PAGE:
TL;DR: A Git Submodule is, basically, a Git repository inside a Git repository.

Official Documentation

What is a Git Submodule?

A Git Submodule is a folder (Git repository) inside a main Git repository. There can be more than one Git modules inside a parent Git repository and once created they are managed (pull, commit, push, etc.) independently from the parent Git repository . All Git submodules are defined in a .gitmodules file, that is located at the root of the parent repository.

NOTE: There’s a similar option in GIT, called Subtree Merging. Maybe, it is better suited to your situation.

What is it good for?

There are many reason to have a Git submodule as part of your main Git repository. Here are a few examples:

  • Avoiding Code Duplication – If there’s a code that is used in more than one project, it can be managed in a separate repository and used as a submodule in each relevant project repository.
  • External Libraries or Frameworks – If your code depends on an external library (or framework), submoduling the external library’s repository, will give you access to that library without incorporating it into your own repository. It, also, allows you to updated the submodule when needed to pull new updates to the library’s code.
  • Shared Scripts Repository – If you need to use the same scripts in a Jenkins build job across several different jobs, a submodule can be useful for this purpose.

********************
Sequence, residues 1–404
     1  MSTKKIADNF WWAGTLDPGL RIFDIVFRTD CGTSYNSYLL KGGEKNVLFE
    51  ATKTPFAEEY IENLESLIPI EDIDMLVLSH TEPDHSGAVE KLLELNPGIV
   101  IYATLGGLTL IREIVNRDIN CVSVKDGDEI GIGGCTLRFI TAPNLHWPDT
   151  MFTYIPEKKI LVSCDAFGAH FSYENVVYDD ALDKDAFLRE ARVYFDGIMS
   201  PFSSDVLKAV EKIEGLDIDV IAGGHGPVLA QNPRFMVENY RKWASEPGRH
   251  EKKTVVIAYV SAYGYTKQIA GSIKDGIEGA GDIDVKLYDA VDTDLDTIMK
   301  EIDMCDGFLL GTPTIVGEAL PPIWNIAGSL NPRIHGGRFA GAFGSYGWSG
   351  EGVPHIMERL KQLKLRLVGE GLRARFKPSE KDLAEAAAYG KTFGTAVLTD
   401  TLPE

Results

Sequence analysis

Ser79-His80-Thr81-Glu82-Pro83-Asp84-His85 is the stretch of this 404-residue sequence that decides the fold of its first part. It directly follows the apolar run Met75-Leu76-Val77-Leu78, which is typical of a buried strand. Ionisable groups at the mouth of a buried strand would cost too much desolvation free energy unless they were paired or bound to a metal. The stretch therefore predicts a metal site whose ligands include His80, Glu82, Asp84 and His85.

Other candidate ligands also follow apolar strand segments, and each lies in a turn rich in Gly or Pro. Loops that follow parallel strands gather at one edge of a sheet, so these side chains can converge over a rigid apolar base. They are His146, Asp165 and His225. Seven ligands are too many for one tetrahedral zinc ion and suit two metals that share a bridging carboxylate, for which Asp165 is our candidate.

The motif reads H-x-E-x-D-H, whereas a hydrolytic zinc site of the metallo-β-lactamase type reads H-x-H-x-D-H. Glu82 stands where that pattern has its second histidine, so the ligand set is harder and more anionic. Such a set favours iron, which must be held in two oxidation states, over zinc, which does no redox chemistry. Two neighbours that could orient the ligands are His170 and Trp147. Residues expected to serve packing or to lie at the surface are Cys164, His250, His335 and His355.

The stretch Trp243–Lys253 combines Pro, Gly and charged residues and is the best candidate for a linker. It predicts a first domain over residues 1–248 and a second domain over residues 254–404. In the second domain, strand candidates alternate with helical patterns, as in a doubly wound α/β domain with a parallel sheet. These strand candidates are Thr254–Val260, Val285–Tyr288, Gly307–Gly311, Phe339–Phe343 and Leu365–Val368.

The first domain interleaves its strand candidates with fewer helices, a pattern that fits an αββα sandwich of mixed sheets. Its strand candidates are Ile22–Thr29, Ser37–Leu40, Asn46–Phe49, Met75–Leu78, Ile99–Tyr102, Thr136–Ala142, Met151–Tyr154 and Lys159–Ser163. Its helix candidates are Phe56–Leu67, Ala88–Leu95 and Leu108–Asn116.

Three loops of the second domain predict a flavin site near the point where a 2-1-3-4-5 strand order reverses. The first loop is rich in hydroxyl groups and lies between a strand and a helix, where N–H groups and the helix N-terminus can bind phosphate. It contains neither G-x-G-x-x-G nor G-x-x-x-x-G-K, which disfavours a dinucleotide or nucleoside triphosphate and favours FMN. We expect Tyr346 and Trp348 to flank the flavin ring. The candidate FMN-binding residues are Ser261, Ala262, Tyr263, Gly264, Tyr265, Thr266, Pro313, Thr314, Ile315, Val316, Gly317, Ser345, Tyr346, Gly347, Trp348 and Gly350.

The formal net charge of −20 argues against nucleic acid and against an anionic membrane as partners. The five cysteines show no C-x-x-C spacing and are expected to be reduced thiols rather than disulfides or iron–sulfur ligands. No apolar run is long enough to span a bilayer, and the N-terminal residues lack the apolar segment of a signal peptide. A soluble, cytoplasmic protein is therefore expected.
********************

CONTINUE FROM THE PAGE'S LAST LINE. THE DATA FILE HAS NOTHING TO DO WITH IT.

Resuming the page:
Some basic commands

Here are some basic commands to get you started.

Adding a submodule to an exciting repository

$ git submodule add<user>/repo_name folder_name

This will create a new folder called folder_name for the submodule and, depending on how advanced your Git version, clone and pull the repository into the folder defined in the git command.

Cloning a Main repository that has submodules in it

$ git clone --recurse-submodules<user>/MainProject

This will clone the main repository and initialize and update all submodules (and nested submodules).

Pulling changes from the Remote Project

$ git pull --recurse-submodules

This will make Git run git submodule update right after the pull, putting the submodules in the correct state.

Running a command on each of the submodules

$ git submodule foreach 'git checkout -b featureA'

This will create a new branch in all submodules.

Please note

Working with submodules requires constant thinking about their state. Many actions require special consideration and paying attention to the state of the submodules. Many of the actions performed on the main repository do not get performed on the submodules automatically and require the use of the –recurse-submodules option or other command options. You can read all about it in the two links at the top.